Telling Claudette Colvin's Important Civil Rights Story

By Candice Frederick
December 17, 2015
Schomburg Center for Research in Black Culture
twice toward justice / by Phillip Hoose.

Erika Paul, Pre-Professional in our Jean Blackwell Hutson Research and Reference Division, reflects on the significance of Civil Rights pioneer Claudette Colvin through a new display—sixty years after her courageous yet understated act:

Do we ever consider the contribution of teens during the Civil Rights Movement—who they were and what happened to them? We often remember leaders  such as Rosa Parks and Dr. Martin Luther King, who made radical changes for the black community, but in fact teenagers during the Civil Rights Movement also made their mark in the  battle against inequality.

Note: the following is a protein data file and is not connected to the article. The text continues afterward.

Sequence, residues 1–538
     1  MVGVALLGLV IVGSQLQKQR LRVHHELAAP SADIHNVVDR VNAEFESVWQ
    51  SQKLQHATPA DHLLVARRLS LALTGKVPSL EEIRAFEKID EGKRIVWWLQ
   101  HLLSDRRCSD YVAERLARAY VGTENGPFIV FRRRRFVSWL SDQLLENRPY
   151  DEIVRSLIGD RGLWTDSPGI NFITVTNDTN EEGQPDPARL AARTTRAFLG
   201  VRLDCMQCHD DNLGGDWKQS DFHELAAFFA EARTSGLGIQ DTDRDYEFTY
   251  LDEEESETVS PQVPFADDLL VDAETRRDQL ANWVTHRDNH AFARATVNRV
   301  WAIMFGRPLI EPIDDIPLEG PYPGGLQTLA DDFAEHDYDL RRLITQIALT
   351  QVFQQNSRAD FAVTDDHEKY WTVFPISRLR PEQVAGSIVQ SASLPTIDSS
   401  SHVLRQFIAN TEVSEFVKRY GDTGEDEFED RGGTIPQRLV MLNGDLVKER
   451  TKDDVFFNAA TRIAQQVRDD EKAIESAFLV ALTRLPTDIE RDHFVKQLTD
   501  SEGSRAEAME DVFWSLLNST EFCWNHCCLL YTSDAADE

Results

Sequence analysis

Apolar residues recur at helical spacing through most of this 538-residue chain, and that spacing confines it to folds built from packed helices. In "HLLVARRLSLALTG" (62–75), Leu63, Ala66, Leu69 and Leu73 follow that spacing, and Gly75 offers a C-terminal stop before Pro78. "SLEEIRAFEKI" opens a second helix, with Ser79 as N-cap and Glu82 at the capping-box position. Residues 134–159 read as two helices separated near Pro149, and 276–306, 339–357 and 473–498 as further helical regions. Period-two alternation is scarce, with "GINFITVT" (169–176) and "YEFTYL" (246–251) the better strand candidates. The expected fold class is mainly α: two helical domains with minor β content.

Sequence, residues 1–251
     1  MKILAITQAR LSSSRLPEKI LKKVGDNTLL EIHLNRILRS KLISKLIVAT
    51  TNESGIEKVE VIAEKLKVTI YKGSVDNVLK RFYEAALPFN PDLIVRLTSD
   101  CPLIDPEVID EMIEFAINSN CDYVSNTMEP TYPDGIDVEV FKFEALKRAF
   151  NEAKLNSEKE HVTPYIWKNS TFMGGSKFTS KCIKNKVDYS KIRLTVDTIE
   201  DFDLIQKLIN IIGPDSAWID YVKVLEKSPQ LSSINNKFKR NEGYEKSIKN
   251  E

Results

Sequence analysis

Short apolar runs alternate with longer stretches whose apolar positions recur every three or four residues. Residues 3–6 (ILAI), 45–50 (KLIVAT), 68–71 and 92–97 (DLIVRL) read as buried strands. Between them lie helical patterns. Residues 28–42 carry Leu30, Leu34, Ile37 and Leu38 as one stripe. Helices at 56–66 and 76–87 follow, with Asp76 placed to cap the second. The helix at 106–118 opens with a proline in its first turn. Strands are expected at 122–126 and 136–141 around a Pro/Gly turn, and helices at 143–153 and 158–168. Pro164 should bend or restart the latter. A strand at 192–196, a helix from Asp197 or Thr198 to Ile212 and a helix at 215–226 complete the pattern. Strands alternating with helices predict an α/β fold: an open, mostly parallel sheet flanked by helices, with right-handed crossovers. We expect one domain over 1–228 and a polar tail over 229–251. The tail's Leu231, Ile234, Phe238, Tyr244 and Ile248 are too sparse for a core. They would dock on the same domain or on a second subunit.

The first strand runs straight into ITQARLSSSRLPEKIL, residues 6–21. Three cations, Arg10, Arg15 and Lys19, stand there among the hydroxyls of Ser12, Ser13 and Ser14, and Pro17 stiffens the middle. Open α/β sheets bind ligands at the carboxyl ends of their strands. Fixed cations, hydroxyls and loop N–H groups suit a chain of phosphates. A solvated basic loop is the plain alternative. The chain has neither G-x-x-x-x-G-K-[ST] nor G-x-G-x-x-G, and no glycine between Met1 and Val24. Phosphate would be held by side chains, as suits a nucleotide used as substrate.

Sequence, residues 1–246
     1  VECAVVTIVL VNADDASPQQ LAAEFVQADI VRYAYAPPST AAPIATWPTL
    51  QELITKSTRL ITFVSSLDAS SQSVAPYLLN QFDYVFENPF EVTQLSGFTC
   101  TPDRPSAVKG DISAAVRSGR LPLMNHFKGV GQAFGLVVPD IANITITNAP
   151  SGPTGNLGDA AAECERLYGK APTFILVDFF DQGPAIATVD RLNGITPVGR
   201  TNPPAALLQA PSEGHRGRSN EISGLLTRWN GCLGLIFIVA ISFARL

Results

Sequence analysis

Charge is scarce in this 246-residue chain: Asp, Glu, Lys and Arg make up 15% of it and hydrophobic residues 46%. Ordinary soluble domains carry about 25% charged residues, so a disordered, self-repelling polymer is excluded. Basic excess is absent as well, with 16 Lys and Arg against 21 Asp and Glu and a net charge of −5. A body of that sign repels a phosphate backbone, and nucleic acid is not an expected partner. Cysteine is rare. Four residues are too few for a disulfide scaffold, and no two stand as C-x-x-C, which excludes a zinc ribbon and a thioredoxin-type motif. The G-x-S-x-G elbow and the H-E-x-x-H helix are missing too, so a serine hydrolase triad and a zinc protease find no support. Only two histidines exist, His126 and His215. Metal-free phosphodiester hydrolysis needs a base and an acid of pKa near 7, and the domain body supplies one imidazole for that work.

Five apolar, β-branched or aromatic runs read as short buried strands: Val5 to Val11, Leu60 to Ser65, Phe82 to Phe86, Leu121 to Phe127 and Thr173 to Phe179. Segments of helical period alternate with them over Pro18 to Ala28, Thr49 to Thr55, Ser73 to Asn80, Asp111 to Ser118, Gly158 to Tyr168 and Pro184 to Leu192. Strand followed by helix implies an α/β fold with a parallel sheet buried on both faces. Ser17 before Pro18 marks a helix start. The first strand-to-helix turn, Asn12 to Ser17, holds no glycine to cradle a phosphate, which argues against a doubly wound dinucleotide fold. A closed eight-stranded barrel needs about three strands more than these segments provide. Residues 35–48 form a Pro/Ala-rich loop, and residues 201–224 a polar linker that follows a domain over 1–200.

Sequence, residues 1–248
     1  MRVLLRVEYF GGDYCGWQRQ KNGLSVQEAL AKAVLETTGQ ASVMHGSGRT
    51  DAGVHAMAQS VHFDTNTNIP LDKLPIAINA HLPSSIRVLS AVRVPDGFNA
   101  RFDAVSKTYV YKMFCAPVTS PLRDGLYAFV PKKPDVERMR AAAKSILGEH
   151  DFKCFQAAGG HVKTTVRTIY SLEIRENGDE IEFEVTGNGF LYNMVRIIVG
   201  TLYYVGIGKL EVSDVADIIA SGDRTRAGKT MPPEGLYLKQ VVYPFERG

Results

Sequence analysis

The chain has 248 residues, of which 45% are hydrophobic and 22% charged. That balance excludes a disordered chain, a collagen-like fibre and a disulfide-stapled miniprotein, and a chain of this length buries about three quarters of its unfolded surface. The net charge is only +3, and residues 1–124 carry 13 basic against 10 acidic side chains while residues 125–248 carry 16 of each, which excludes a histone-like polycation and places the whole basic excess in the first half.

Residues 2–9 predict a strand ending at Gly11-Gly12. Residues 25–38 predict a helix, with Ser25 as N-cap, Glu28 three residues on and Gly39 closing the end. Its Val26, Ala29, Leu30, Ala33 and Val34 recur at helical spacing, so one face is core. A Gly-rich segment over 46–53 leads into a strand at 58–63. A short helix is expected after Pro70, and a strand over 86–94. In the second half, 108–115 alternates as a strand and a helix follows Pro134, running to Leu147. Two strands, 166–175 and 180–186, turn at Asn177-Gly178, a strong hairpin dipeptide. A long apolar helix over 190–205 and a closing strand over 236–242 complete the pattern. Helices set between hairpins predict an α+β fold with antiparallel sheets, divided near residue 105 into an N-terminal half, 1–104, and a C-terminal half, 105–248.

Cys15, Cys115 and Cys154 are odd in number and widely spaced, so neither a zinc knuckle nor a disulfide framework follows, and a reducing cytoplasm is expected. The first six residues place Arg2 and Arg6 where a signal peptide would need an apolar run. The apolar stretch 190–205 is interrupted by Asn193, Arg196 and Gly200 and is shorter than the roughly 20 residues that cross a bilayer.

In March 1955 Claudette Colvin, 15, was pulled off a bus, handcuffed, and taken to jail because she refused to give up her seat for a white passenger in Montgomery, Alabama. This event took place nine months before Rosa Parks became a major figure in the Civil Rights Movement. 

Today, Bronx resident Colvin, now 76, is celebrated in a new flash display in the Schomburg's Jean Blackwell Hutson Research and Reference Division as the remarkable teenager who stood up for her rights. Through newspaper clippings, books, and photographs, Colvin's important story continues to be shared with audiences.